In Naga City, ‘Ina’ devotees buck health protocols as Peñafrancia festival returns
NAGA CITY — Braving the thick crowd at the Plaza de Covarrubias outside the Our Lady of Peñafrancia Shrine in this city on Friday, Antonia Talde, 57, and her wheelchair-bound husband, Nelson, 59, waited patiently for the images of the Bicol patroness and Divino Rostro (The Holy Face of Jesus) to start their journey via the traslacion procession.
Nelson, who has been suffering from rheumatism, was among the pilgrims with disabilities who traveled from Legazpi City, some 80 kilometers away, to witness the largest Marian procession in Asia, after being canceled for two years.
“We went here because of my sister-in-law’s suggestion that we join the traslacion,” Antonia told the Inquirer. It was their first time joining the foot procession from the shrine to Naga Metropolitan Cathedral.
More than half a million devotees—according to the estimates of the City Events Protocols and Public Information Office—flocked to the pilgrim city to join the traditional procession marking the start of the nine-day novena for Our Lady of Peñafrancia.
The festivities will end with the fluvial procession on Naga River on Sept. 17 when the images of Divino Rostro and the Virgin, locally called “Ina,” return from the Naga Metropolitan Cathedral to the Basilica Minore de Peñafrancia.
The images will be transported on a pagoda and accompanied by several small boats.
Devotees typically board the pagoda and boats or stand on the riverbank with lit candles.
To avoid the spread of COVID-19, the devotees were not allowed to touch and kiss the image of Ina. Organizers also decided to hold a mobile procession instead of the usual foot procession.
But devotees swarmed the image as soon at it came into view along the city’s streets past 4 p.m.
In a public advisory a month before the festivities, Mayor Nelson Legacion required pilgrims 18 years old and older to have at least the first booster, while those between 12 and 17 years old must have at least a second shot. Younger pilgrims, aged 7 to 11, must have at least one shot, he said.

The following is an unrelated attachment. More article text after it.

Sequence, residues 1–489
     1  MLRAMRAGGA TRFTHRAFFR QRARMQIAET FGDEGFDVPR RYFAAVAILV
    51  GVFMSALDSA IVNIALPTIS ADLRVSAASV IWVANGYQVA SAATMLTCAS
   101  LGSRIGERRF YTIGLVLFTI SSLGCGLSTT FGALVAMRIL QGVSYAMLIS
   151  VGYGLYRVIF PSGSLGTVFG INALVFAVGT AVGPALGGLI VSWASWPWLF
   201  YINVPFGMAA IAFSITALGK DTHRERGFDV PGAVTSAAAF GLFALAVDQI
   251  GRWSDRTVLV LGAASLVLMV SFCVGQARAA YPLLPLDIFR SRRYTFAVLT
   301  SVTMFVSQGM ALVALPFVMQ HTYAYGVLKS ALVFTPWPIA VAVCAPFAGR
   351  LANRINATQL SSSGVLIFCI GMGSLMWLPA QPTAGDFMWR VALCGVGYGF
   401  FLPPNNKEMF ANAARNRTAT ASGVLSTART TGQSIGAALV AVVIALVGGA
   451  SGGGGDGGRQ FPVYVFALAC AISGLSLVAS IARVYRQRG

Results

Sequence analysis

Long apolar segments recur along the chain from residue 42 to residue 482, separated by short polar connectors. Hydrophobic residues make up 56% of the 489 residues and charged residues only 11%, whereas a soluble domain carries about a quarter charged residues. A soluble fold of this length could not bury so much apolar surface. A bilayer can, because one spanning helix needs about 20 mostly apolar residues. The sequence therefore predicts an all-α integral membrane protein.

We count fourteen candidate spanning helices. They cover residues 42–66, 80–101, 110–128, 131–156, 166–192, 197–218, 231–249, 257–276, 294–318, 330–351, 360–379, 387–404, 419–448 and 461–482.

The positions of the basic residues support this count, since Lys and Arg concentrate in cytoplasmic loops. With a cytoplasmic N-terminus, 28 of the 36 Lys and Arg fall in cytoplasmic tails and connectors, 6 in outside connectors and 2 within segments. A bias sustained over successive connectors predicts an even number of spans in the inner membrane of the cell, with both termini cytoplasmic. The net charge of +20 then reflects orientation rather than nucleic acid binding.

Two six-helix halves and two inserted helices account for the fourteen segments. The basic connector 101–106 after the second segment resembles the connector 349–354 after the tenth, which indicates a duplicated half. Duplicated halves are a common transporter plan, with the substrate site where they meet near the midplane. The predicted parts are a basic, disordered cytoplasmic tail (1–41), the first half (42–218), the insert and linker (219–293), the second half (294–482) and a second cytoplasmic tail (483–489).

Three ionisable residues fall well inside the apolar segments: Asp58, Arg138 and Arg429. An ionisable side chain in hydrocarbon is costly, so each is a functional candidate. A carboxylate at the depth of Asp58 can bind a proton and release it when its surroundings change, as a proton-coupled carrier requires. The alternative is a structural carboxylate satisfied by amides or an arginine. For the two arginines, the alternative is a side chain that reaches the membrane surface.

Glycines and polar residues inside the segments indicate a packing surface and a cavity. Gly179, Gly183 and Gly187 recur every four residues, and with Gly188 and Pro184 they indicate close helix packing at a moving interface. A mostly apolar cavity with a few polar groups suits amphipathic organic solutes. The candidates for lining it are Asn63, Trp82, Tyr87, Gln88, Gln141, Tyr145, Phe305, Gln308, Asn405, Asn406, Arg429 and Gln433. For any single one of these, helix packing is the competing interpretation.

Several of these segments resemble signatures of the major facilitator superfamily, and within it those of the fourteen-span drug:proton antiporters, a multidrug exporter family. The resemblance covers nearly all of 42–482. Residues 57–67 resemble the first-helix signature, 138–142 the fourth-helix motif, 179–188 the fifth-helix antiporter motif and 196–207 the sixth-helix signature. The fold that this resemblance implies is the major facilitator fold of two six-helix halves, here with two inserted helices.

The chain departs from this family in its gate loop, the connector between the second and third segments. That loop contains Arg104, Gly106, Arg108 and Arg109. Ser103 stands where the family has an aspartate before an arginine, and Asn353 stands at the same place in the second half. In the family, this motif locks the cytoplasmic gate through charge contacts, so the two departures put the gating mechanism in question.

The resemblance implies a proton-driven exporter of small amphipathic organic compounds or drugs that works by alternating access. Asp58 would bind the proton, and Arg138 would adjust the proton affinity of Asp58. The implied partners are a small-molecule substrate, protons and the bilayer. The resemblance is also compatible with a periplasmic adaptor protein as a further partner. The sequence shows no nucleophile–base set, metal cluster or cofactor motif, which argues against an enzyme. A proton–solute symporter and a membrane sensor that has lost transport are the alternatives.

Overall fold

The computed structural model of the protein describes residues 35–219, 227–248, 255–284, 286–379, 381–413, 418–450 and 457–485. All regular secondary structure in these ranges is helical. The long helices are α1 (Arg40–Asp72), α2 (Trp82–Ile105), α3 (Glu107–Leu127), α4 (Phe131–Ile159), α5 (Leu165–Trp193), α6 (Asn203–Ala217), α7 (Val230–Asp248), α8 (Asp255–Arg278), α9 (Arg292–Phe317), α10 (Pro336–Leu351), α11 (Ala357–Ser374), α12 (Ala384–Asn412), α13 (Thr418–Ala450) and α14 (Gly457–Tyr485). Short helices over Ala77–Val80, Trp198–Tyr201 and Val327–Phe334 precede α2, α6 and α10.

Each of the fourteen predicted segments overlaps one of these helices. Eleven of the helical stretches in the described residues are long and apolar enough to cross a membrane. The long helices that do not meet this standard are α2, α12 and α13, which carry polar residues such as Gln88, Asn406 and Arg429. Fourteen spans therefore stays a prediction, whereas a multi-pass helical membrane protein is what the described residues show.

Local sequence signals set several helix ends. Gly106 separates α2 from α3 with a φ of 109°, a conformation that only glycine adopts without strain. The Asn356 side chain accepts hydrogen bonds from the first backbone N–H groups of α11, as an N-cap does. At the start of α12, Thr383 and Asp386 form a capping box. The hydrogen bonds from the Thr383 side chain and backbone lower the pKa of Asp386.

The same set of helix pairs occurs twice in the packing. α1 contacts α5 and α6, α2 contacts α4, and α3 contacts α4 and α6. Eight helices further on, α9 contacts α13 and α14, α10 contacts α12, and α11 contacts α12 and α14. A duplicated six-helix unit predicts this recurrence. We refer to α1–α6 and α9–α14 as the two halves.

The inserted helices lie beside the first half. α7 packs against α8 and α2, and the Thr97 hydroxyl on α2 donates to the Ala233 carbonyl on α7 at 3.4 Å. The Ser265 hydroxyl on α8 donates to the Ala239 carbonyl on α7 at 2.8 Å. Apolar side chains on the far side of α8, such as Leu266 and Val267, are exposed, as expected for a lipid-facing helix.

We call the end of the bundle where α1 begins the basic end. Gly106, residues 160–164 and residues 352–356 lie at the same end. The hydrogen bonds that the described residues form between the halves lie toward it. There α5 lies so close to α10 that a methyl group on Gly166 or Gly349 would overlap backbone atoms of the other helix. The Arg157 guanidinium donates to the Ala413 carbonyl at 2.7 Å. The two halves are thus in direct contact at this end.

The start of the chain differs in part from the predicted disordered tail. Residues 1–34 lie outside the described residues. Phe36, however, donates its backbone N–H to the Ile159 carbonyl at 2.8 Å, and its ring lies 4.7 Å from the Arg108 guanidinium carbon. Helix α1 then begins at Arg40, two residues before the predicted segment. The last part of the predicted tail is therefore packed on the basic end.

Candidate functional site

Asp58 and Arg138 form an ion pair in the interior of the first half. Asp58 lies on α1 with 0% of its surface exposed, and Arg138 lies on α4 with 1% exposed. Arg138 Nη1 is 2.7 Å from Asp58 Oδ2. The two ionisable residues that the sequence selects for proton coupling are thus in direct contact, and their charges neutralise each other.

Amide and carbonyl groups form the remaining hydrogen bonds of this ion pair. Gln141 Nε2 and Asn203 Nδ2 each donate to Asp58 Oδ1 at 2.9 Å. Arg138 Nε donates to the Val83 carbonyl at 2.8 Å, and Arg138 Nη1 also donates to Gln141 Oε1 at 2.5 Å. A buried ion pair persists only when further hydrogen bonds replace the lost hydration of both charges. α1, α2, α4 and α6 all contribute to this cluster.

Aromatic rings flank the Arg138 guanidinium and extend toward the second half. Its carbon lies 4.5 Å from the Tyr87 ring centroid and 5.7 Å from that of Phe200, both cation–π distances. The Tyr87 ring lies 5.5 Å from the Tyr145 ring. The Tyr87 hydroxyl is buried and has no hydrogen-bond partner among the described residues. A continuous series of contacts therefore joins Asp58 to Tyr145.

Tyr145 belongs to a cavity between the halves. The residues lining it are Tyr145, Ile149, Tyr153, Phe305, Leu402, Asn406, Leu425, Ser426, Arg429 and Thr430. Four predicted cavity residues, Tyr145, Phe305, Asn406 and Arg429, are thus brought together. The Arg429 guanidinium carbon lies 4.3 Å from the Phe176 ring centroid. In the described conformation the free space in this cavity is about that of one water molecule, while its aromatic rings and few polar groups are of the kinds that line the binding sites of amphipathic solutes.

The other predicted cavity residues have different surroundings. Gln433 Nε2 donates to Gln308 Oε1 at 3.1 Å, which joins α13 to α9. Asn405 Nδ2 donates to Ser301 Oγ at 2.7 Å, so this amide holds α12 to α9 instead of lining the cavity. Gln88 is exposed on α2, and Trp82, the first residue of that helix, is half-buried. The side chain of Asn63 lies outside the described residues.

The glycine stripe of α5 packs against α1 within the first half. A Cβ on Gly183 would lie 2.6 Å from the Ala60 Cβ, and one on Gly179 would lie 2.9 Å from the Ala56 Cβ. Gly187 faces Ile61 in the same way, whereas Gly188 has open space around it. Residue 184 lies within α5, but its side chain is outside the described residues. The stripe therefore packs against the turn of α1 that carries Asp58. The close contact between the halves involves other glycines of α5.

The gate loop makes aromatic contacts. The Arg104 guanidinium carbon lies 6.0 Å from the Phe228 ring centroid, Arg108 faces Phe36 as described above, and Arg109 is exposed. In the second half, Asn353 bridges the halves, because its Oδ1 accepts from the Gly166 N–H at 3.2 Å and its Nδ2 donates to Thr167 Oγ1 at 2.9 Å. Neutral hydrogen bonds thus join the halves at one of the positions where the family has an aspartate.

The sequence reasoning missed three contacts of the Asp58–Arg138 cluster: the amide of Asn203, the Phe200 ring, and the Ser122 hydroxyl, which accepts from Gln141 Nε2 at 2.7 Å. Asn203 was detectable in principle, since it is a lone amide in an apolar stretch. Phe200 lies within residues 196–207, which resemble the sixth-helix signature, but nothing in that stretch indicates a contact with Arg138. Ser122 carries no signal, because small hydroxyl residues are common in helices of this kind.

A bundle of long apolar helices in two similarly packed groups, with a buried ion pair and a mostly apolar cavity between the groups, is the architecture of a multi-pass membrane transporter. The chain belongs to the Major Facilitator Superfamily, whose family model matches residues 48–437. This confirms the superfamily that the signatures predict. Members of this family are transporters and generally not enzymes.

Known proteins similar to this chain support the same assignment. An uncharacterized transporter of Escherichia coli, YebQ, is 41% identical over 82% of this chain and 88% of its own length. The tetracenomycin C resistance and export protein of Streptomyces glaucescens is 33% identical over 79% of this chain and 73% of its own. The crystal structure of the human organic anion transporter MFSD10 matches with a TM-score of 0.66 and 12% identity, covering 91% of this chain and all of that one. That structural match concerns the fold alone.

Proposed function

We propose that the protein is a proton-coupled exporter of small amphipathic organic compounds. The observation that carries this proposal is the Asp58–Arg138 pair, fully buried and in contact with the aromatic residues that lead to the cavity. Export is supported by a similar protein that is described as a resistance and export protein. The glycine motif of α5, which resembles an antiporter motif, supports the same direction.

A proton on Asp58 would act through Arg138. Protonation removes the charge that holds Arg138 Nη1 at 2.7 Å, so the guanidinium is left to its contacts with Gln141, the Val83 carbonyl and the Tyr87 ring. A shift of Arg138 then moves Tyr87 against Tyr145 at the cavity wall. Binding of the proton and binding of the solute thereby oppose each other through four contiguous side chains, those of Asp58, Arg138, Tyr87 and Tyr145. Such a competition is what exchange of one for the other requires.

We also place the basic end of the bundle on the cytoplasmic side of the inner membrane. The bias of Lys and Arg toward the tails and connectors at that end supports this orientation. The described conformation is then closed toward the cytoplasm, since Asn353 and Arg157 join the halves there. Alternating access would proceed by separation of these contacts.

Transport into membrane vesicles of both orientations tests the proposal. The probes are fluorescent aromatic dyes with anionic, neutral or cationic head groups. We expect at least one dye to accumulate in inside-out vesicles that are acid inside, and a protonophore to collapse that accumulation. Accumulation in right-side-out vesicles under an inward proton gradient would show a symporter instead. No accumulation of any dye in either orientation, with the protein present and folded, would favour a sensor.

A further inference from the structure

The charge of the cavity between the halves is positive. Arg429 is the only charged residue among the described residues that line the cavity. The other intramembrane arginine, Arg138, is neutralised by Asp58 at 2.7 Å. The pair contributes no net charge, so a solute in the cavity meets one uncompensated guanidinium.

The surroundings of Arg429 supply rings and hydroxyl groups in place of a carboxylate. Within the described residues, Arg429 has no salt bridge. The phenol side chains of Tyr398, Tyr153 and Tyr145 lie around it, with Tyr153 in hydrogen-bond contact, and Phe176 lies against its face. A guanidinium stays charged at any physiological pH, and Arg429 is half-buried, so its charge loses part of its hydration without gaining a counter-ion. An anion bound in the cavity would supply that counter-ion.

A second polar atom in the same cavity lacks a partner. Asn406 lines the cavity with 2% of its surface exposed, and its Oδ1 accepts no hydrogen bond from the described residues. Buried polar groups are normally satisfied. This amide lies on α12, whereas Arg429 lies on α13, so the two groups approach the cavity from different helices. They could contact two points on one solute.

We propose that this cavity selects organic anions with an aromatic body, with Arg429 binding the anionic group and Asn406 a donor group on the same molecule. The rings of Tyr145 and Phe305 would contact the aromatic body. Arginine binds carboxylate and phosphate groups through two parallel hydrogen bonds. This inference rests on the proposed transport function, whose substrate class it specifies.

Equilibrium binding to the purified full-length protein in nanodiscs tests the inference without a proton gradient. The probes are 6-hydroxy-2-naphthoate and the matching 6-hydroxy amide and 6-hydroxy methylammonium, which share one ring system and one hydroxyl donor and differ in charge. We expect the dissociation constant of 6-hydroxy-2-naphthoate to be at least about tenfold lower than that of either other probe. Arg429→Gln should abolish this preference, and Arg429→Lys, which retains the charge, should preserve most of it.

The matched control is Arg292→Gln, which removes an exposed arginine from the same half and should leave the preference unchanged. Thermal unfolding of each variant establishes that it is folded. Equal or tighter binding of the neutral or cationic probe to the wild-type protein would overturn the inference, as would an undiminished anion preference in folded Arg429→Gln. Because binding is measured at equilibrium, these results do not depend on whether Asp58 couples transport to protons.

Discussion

Event organizers, volunteers and the voyadores (male devotees) were required to have two booster shots.
But organizers said they could not monitor every devotee present to facilitate easy mobility.
“If we check everyone, that would just result in crowding and we would have violated the COVID-19 protocols,” Fr. Juan Pablo Carpio, parish priest at the Basilica, said at a press briefing in August.
Swarm of devotees
In the past, pilgrims would push and pull their way to the andas to get a chance to wipe handkerchiefs on images. But this year, police officers and military personnel were tasked to prevent the pilgrims from being disorderly around the images.
Still, devotees managed to swarm the image.
The image of Divino Rostro left the Plaza de Covarrubias at 3:35 p.m., while the image of Ina left at 4:20 p.m.
The Divino Rostro made its journey for over an hour and reached the cathedral at 4:45 p.m., while Ina reached its temporary shelter around 6 p.m. amid joyful cries of “Viva La Virgen!”
This year’s celebration of the devotion to the Bicol patroness, Our Lady of Peñafrancia, is on its 312th anniversary, having started in 1710.
Many historical accounts of miracles were associated with the image after it was carved, the first being the resurrection of the sacrificed dog whose blood was used to paint the image. The dog was said to have come back to life after being thrown into the Naga River, enabling it to come home to its master.
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